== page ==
With ocean freight demand softening and port operations smoother as supply chains adjust after the worst of the coronavirus pandemic, average demurrage and detention charges declined 25 percent year-over year in 2023, according to a report by Container XChange.
The German online container shipping platform’s Demurrage & Detention Fees Annual Benchmark Report found that such charges levied by shipping lines are down 14 percent since 2020. That’s a product of less congestion as well as more attention being given to demurrage and detention fees by regulators.
However, fees at some ports around the globe remain more elevated than compared to three years ago, with U.S. ports ranking highest in average charges, the report found.
“Demurrage and detention should ideally be a free market,” Container xChange founder and CEO Christian Roeloffs said in a press release. “The number of free days and the charges should be negotiable between parties and carriers, just like any other free market scenario. However, perhaps what needs regulation is the clarity on when the clock starts.”
A Sore Subject and Regulatory Focus
Demurrage is paid by an importer that fails to take delivery of a full container from a ship and move it from the terminal for unpacking within an allotted time (normally three to five days); detention is paid by a trucker that does not return an empty container to the port by a deadline.
In 2021, detention charges were a sore subject at the Ports of Los Angeles and Long Beach as empty containers piled up due to a significant U.S.-China trade imbalance. In some cases, shipping lines would not allow truckers to return empty containers — but still charged them detention fees.
“Establishing clear time stamps and determining who bears the burden of proof in cases of congestion, where a container cannot be picked up, would be crucial,” Roeloffs said. “Payment should only commence once the terminal is able to release the container. These aspects warrant attention and potential regulation.”
Last year, President Joe Biden signed into law the Ocean Shipping Reform Act, which, among other measures, calls on the Federal Maritime Commission (FMC) to prohibit “unjust and unreasonable detention and demurrage rules practices.”
In their current form, critics say, demurrage and detention charges are used by shipping lines as revenue streams instead of incentives to improve port efficiency. The FMC noted that nine of the largest ocean freight carriers charged about US$8.9 billion combined in demurrage and detention chargers from 2020-22.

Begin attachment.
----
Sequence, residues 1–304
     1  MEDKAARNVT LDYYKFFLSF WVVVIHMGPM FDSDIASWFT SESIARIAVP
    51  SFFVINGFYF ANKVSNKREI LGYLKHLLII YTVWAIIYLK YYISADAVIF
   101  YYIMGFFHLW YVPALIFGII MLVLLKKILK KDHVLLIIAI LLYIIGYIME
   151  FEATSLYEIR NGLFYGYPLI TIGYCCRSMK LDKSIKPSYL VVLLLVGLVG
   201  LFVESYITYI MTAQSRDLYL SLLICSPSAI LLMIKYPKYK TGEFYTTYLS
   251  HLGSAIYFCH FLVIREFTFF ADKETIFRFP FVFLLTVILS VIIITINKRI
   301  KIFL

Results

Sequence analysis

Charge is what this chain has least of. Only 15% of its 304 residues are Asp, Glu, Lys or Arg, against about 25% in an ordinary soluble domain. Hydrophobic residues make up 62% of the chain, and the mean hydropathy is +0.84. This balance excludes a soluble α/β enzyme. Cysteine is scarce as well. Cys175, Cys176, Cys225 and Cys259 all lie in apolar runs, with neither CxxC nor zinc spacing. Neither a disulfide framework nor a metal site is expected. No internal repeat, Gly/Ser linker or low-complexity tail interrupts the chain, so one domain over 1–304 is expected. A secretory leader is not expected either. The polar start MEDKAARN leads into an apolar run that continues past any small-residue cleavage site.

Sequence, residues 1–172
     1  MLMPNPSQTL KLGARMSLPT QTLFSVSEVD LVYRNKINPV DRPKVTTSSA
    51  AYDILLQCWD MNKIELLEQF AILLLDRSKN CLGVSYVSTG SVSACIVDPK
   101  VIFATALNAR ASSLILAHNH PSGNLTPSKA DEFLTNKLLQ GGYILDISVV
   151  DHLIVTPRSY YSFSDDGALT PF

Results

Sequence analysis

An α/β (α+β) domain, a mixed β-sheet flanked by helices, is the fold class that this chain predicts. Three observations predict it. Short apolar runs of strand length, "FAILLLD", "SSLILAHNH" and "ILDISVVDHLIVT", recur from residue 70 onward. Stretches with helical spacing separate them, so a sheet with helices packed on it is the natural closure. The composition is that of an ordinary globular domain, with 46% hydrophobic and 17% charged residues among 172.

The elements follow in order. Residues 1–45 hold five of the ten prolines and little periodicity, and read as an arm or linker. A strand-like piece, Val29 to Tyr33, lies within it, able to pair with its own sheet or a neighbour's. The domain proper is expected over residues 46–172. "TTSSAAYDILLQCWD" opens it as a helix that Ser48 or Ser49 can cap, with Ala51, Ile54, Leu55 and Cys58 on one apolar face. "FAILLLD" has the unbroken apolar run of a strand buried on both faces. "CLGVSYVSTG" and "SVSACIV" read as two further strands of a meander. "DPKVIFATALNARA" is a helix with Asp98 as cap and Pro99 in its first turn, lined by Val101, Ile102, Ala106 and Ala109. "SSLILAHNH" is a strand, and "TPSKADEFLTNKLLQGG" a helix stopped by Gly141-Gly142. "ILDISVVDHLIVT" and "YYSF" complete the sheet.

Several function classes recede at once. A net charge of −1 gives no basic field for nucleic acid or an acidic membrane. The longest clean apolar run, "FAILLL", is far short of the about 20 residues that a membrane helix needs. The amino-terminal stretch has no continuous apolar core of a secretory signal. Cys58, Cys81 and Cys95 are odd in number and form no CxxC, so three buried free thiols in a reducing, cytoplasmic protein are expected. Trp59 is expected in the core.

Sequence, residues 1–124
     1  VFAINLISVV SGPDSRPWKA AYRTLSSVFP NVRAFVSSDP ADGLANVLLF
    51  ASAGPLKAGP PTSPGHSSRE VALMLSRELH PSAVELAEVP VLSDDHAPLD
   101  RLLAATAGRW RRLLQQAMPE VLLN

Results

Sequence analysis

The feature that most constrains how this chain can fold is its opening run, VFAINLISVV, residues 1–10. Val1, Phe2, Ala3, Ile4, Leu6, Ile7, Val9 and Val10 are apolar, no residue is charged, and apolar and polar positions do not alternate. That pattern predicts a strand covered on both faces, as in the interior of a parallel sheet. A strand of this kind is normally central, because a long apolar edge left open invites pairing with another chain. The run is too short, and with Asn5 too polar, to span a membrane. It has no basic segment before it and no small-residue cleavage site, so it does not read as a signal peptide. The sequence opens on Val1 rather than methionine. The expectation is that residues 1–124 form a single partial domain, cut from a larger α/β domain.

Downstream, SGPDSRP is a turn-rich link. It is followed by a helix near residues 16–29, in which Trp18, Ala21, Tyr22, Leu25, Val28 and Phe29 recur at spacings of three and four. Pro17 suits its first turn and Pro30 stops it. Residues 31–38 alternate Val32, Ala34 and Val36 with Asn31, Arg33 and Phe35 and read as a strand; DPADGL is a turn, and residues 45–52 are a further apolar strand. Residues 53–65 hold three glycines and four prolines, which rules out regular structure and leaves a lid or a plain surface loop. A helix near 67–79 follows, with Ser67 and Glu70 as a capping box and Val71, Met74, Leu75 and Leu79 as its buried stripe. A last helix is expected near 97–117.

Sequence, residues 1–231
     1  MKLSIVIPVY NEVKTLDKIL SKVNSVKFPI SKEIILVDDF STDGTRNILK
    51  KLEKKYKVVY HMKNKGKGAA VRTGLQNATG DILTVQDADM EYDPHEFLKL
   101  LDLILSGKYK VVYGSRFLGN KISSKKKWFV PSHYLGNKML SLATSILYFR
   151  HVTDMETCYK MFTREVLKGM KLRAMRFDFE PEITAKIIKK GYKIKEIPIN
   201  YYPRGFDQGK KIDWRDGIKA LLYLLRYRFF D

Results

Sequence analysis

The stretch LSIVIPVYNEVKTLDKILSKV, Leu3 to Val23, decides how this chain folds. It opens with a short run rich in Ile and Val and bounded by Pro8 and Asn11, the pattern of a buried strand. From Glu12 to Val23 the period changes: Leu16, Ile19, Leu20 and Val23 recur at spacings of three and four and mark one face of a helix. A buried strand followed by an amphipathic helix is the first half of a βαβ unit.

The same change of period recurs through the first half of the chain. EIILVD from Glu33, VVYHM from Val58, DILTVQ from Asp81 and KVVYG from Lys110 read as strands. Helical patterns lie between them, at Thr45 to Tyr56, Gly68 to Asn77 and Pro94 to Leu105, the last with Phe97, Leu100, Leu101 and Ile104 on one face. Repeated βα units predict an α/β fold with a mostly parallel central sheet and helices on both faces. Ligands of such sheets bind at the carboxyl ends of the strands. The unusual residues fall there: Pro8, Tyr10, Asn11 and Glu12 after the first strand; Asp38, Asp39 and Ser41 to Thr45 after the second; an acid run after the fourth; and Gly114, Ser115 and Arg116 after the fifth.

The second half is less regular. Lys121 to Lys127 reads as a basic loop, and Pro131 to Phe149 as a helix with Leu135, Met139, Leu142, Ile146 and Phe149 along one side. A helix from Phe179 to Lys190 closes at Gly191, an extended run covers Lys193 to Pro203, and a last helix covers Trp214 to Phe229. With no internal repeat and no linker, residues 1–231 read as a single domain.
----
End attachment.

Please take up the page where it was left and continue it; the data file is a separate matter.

The FMC is soon expected to issue a final rule regarding detention and demurrage billing practices. A proposed regulation included a 30-day deadline to issue an invoice after when demurrage and detention charges stop accruing, down from the current 60 days. “The pending decisions on new shipping line regulations will significantly impact demurrage and detention practices and could even reshape the landscape, bringing both challenges and opportunities,” Roeloffs said.
Demurrage and Detention Hot Spots
The 11 ports where fees remain higher compared to 2020 include five in China — Shenzhen, Tianjin, Ningbo, Xiamen and Guangzhou — as well as Antwerp, Belgium; Rotterdam, Netherlands; Singapore and Hong Kong.
“The significant increase in energy prices, coupled with higher labor costs, and escalating land expenses and port fees, have all played a part,” Chantal McRoberts, director of the supply chain advisory at London-based global maritime and shipping industry consultancy Drewry, said in a July webinar hosted by Container xChange.
However, American ports have the highest average demurrage and detention costs, with New York; Oakland; Los Angeles; Savannah, Georgia; Long Beach and Houston leading the way among the 65 global ports surveyed. Those six U.S. ports combine for an overall average charge of $2,008 per container per day, down from $2,692 in 2022.
With the timing of the demand recovery still uncertain, demurrage and detention charges are largely a result of operational issues, meaning importers and truckers can avoid levies though improved efficiency, the report states.
“From an operational point of view, it is more often that the gap is between the port and the warehouse in-outbound team,” Drewry researchers wrote in the report. “Demurrage and detention mainly occur due to a lack of last-mile and warehouse planning. Some shippers only custom clear their units when already discharged, rather than practicing pre-clearance and release, to ensure haulage and warehouse space is available on time just before demurrage and detention time starts.”